I am an artist struggling to understand a mental process and mentality that simultaneously excite and terrify me. Because our minds are starved for the adrenaline we use to get from basic survival, we we seek to replace the “fight or flight” response in our nervous system with alternative sources. Internally, I create drastic “worst case scenarios” from extremely pedestrian stimulus like walking down staircases, turning corners of buildings, and hearing noise at night. Physically, I create spaces of anxiety, tension and anger, though where there is death and destruction there is also lightness, and in my work the two cannot be separated. As humor is a psychological product of sadness, I balance and test the sinister with color, wit, and hilarity, sometimes for fun, and sometimes for necessity.
My studio process follows my mental process; I begin with a stimulus by either finding or creating surfaces to react to, either given a specific feeling or idea I’m interested in exploring or exposing a viewer to, or not. Pieces range in surface from made collograph prints to pages from phone books to discarded doors and cardboard boxes, and in size from playing cards to 9’ mixed media floor/wall pieces. Being an internet age kid, I find myself working on between five and ten pieces at a time, using paint straight out of the tube, and compulsively repeating sentences and imagery borne from music, the news, and advertising. I exhibit my work in the same clusters in which they were created, and produce spaces that cause viewers to become uneasy or unsure of themselves.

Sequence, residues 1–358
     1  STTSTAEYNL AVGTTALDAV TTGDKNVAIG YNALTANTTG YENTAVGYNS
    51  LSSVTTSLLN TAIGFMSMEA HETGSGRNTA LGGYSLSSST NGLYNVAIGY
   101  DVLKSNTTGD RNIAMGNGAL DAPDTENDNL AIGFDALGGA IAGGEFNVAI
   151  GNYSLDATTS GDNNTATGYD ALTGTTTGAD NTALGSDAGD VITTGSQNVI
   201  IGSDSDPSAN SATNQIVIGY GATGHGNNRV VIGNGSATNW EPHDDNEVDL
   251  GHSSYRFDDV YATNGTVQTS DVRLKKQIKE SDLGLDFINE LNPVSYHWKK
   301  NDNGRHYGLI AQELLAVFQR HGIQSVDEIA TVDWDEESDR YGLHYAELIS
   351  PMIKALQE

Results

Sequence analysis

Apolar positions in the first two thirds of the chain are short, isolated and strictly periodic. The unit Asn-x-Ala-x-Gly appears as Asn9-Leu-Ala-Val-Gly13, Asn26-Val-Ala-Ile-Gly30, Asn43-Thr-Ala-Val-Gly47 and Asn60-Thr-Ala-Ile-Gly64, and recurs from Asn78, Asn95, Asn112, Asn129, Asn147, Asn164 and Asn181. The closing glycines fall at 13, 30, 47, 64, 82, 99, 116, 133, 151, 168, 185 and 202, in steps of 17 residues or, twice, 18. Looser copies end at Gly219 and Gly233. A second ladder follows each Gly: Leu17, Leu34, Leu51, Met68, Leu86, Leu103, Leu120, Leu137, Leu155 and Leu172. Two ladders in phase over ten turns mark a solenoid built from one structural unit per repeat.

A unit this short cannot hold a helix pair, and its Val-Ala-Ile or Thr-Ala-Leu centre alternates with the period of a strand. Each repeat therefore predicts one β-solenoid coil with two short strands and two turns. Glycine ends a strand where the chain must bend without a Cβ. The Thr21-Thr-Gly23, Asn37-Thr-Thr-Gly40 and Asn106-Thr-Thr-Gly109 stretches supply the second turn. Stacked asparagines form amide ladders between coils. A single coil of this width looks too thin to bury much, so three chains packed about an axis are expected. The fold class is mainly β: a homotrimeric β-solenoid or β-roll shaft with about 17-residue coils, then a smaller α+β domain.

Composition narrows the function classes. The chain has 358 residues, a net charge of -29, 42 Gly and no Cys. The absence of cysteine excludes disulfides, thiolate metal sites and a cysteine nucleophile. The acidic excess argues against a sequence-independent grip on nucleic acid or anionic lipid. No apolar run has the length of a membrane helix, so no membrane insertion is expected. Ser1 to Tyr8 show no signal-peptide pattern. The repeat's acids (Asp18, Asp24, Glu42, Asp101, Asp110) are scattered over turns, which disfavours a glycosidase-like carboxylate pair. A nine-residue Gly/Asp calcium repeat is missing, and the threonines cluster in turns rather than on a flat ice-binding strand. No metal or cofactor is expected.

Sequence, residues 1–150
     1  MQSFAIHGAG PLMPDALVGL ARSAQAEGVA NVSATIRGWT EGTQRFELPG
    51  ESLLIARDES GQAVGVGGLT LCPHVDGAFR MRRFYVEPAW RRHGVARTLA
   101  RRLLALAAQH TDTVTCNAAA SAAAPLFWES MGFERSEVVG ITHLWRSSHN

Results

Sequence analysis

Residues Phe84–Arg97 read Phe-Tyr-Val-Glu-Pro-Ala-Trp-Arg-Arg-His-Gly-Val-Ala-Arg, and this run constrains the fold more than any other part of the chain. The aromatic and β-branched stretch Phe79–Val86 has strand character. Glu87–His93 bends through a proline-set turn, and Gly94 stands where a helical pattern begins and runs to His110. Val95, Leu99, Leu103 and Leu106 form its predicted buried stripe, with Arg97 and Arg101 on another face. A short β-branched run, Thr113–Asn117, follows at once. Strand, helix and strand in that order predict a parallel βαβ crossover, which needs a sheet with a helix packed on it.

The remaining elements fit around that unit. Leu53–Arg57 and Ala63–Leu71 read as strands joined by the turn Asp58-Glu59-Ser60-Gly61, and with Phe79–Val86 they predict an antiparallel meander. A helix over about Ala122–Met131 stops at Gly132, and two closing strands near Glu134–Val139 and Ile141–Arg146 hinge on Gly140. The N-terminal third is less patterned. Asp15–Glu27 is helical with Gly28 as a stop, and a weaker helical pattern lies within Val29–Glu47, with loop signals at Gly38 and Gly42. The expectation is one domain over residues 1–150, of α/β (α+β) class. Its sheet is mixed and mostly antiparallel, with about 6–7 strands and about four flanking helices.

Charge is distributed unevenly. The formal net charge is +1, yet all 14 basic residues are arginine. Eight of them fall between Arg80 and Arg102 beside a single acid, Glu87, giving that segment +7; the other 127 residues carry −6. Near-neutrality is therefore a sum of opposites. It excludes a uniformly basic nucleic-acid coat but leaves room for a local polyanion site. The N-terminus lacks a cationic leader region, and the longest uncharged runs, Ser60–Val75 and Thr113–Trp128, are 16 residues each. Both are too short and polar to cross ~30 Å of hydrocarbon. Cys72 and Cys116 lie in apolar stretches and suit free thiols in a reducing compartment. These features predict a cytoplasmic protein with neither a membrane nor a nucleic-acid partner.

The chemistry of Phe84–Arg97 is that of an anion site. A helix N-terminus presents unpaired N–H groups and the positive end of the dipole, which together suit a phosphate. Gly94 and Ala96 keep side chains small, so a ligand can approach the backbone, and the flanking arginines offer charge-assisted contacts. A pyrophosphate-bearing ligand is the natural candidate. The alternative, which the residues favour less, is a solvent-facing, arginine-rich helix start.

As an artist, I’m interested in the links that bind creativity and anxiety, in engaging the public in a dialogue about seemingly psychotic thoughts that I believe we all experience and in inciting feelings of stress and paranoia within viewers. I believe strongly that my voice is one that speaks for my generation of American youth; experiencing and being affected by a “throw-away culture”, by Excess and by obsession with fear.